If there’s a point here about how fate is merely a framework for choice (Cordelia’s manipulation of the slot machine gets Angel into the room with DeMarco, but it is Angel who must make the choice to fight, for example), the way that the episode muddles the point makes minced development of Angel’s realization.
Think forward to “Inside Out” [4×17] when Gunn, having just learned from Skip along with the gang that they have all been cosmically manipulated by a rogue higher power for years, tells Fred that even in spite of this revelation, he still thinks they should act as though their choices are free simply so that they can live meaningful lives. Or at least feel like their lives have enough meaning to be worth living. Otherwise what’s the point? If you’re at a place in your life where deluding yourself is the only way to lead a good life, then living a lie could possibly be the right thing to do. This complex interplay of fate and choice in season four’s thematic stew surfaces in almost every episode.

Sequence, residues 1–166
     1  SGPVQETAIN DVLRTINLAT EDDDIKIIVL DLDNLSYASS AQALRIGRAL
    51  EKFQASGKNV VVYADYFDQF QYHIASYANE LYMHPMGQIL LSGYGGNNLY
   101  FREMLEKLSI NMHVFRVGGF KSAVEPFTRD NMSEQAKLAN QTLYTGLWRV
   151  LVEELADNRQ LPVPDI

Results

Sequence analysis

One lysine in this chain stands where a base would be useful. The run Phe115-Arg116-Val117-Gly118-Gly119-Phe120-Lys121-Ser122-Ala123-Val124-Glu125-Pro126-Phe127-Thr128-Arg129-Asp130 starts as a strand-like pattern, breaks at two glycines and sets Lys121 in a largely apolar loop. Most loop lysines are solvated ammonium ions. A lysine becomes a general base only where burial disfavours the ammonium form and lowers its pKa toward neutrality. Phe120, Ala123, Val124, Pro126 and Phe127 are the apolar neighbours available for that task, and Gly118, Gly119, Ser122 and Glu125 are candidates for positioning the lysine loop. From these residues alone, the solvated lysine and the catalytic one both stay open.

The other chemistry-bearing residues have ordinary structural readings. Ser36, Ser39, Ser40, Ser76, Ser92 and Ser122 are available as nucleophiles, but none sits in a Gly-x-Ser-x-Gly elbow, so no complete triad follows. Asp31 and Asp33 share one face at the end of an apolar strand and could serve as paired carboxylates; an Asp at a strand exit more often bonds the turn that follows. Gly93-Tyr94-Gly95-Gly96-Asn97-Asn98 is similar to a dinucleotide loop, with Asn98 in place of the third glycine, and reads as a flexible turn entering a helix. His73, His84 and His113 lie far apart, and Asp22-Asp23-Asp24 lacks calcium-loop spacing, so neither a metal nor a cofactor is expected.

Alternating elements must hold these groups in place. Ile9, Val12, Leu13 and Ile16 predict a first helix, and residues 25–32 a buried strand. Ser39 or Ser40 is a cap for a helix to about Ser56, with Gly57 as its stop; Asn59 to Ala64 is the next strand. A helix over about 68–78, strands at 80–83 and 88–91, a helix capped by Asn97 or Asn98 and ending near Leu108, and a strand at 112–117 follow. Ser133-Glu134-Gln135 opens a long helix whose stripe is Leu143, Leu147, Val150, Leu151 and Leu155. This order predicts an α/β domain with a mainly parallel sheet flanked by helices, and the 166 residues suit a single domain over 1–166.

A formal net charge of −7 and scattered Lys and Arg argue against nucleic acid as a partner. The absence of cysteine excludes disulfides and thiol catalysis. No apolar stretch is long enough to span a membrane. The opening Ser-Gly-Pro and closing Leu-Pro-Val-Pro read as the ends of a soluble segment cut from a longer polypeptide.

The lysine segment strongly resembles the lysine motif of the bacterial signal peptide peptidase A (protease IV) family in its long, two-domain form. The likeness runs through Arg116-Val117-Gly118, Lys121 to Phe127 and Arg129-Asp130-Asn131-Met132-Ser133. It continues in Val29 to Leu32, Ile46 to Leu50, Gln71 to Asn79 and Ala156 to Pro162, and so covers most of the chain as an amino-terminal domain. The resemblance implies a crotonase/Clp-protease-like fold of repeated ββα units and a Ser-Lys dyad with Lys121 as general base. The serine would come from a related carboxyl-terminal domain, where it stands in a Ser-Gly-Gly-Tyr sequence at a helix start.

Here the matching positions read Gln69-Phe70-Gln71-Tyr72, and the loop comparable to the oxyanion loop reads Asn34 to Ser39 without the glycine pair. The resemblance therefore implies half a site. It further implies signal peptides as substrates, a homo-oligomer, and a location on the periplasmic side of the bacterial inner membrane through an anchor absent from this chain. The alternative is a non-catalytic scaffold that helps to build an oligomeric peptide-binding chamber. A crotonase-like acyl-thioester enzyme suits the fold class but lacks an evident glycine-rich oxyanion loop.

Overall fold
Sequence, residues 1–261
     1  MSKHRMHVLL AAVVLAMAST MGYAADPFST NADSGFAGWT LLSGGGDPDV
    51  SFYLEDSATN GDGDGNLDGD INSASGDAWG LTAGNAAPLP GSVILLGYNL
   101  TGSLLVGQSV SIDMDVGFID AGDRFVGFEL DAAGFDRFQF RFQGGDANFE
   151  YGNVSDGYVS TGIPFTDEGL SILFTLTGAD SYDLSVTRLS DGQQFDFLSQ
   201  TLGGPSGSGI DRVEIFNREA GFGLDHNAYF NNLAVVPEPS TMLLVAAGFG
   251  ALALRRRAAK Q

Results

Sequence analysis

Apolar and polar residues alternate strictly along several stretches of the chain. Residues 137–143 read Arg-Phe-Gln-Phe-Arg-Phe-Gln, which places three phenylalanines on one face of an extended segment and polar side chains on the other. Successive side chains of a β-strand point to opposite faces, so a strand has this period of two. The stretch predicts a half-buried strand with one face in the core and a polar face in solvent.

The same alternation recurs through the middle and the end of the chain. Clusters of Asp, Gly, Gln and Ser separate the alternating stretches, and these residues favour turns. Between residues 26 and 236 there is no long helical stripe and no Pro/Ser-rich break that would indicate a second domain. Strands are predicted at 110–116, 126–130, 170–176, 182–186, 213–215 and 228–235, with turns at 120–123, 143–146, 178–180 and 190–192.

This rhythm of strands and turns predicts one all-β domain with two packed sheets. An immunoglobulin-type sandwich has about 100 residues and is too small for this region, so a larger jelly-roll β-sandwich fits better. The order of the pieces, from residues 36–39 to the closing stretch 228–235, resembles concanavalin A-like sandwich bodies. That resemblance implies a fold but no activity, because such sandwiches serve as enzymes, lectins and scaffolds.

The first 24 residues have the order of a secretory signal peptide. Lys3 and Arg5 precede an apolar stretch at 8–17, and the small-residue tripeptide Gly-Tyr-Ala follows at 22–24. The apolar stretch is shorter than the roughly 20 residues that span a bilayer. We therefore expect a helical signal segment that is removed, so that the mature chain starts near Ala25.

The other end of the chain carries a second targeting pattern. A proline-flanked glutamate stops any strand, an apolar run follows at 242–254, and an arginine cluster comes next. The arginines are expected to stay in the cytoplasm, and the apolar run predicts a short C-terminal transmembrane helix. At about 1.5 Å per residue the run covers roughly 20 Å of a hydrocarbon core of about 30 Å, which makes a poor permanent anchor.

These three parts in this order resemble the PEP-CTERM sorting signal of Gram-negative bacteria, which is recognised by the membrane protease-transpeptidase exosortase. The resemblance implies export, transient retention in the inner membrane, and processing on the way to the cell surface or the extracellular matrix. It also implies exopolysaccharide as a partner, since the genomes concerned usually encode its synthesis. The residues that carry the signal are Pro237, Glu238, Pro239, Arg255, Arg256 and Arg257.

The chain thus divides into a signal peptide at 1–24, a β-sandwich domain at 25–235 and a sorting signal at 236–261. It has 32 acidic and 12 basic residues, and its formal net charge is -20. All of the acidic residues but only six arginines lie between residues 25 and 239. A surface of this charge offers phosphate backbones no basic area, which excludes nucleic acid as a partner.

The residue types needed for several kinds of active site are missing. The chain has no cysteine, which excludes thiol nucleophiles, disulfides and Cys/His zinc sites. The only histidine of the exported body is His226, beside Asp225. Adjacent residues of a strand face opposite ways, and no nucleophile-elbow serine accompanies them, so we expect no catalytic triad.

Perhaps foreshadowing the truth of this interplay was the writers’ aim with “House,” but the logical chink in DeMarco’s scheme turns that web into a steel contradiction of downright stupid that I just can’t reconcile. The idea that Jasmine is manipulating the Fang Gang into making certain choices for themselves (choice within the framework of fate) and the idea that our destinies can simply be peeled off like an old layer of snake-skin are two very different things.
If I nitpick I only do so out of love. On any other show this would be the order of the day, but on AtS this kind of puerility is profoundly disappointing and highly annoying. In a season – on a show, damn it! – this intelligent, I’m baffled that the writers could overlook such a big, damn hole in the earth. Since there is no real character development for anyone besides Angel, and Angel’s development results in almost no actual ongoing change in behaviour (he was focusing solely on his own friends and family at the start of the episode, wasn’t he?), the flaw stands out all the more.